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How long does it take to drown?

Discussion in 'Basic Scuba Discussions' started by CAPTAIN SINBAD, Jun 24, 2013.

  1. DCBC

    DCBC Banned

    Fear of the unknown and death is natural. Like Epictetus once said "It's not death or pain that is to be dreaded, but the fear of death or pain.".
  2. Tigerman

    Tigerman Solo Diver

    # of Dives: I just don't log dives
    Location: Norway
    I think fear of death is a GOOD thing. If you dont fear death youre lacking some basic instincts or they are supressed by serious mental issues, like bipolar disorder or something..
    Exception being if youre terminally, painfully ill.
  3. TSandM

    TSandM Missed and loved by many. Rest in Peace

    Hold your breath. Hold it some more. Hold it until your brain is screaming at you . . . that's what drowning is going to feel like. The body's highest imperative is moving that air in and out of those lungs, and suffocating or drowning is a horrible way to die.
  4. 3D diver

    3D diver Solo Diver

    # of Dives: 200 - 499
    Location: Los Altos, CA
    IIRC: when you try to inhale water it triggers a convulsive restriction in your throat---you don't necessarily get water in the lungs but suffocate in agony.
  5. ajduplessis

    ajduplessis Solo Diver

    # of Dives: I'm a Fish!
    Location: dry land :-(
    Its called a laryngospasm. To my knowledge it lasts around 40-60 seconds.
    3D diver likes this.
  6. raftingtigger

    raftingtigger Divemaster

    # of Dives: 500 - 999
    Location: Woodland, CA, USA
    It happens to some and not others. It is why some drownings are 'dry'. Each drowning is a little different. Asking how long it takes to die from drowning is a little like asking how long it takes to bleed to death. You will get a range.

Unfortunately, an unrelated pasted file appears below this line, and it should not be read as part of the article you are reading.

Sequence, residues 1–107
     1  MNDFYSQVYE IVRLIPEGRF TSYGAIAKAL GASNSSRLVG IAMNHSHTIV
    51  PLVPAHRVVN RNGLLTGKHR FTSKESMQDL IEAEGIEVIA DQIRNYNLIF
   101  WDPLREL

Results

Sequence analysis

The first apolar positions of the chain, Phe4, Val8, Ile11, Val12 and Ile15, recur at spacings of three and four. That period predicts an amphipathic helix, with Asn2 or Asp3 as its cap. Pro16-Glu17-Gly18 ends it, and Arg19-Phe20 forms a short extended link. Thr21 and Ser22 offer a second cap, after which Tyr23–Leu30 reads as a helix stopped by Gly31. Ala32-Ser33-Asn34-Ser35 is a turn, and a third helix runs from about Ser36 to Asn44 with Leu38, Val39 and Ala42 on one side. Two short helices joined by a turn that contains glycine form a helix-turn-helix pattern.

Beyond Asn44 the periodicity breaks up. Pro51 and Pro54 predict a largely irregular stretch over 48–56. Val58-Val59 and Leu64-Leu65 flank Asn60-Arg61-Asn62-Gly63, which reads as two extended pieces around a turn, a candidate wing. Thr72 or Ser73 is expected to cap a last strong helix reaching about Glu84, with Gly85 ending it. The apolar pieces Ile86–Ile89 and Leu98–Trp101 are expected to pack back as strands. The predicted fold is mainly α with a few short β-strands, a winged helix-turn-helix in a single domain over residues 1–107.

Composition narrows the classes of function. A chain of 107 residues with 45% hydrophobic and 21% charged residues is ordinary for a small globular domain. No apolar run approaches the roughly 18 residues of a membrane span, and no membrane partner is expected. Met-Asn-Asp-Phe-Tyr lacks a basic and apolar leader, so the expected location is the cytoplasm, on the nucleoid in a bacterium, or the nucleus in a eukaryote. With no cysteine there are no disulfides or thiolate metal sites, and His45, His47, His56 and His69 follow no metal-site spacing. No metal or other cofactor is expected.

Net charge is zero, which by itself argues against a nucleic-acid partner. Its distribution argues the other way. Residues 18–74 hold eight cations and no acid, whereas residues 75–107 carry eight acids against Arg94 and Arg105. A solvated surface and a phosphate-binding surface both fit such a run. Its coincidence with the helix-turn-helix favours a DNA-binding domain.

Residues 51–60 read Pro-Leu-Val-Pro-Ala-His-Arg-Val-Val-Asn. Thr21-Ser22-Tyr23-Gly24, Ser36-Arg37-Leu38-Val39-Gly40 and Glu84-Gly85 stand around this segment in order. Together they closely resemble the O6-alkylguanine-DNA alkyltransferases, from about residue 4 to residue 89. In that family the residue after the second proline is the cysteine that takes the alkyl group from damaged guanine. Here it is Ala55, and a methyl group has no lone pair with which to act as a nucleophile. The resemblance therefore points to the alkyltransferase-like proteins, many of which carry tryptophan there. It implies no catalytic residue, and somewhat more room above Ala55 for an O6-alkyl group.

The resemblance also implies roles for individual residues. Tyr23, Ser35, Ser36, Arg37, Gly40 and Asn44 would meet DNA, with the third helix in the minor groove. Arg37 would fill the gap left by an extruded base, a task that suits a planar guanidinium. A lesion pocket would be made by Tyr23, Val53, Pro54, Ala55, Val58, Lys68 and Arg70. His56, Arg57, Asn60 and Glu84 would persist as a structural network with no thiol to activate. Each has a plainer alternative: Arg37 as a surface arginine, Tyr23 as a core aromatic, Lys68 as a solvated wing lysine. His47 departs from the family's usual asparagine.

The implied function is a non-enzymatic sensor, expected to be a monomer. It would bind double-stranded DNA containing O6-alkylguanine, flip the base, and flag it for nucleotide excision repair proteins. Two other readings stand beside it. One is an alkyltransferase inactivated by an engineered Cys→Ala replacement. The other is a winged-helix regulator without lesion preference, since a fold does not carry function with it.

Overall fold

I can't think that drowning is pleasant, just go watch someone with an asthma attack or end-stage emphysema struggle to breathe. Not a pretty sight.

    I plan on playing my cards so that I not only LIVE life, but live long enough to think that living forever (in whatever condition I'm in) is worse than dying a natural death.
  7. robbcayman

    robbcayman Divemaster Candidate

    # of Dives: I just don't log dives
    Location: Temecula, CA
    Seems like too many variables at play. How much water was inhaled? If someone panics faster and inhales more water that would change the rate. If the person panics really fast... could blackout immediately I suppose. Either way, not a good deal.
    raftingtigger likes this.
  8. simskiscuba

    simskiscuba Solo Diver

    # of Dives: 500 - 999
    Location: My Own Private Idaho, very near Princeton, NJ
    Seems we are discussing theosophy as much as physiology. Death?
  9. I think for most victims, the drowning does end up 'wet', the throat relaxes and 'water breathing' follows.

    ---------- Post added August 26th, 2013 at 04:49 PM ----------

    Scuba drowning is especially creepy because of the anticipation of drowning if somehow trapped underwater, mentally preparing for the inevitanle, tryong to postpone the inevitable while watching one's SPG drop to zero PSI........
  10. AlexL

    AlexL DIR Practitioner

    # of Dives: 200 - 499
    Location: nowhere, usa
    that is the stuff of nightmares.

    y'all can keep your wreck and cave diving; direct sunlight up in the warm water is plenty good enough for me!
    fjpatrum likes this.

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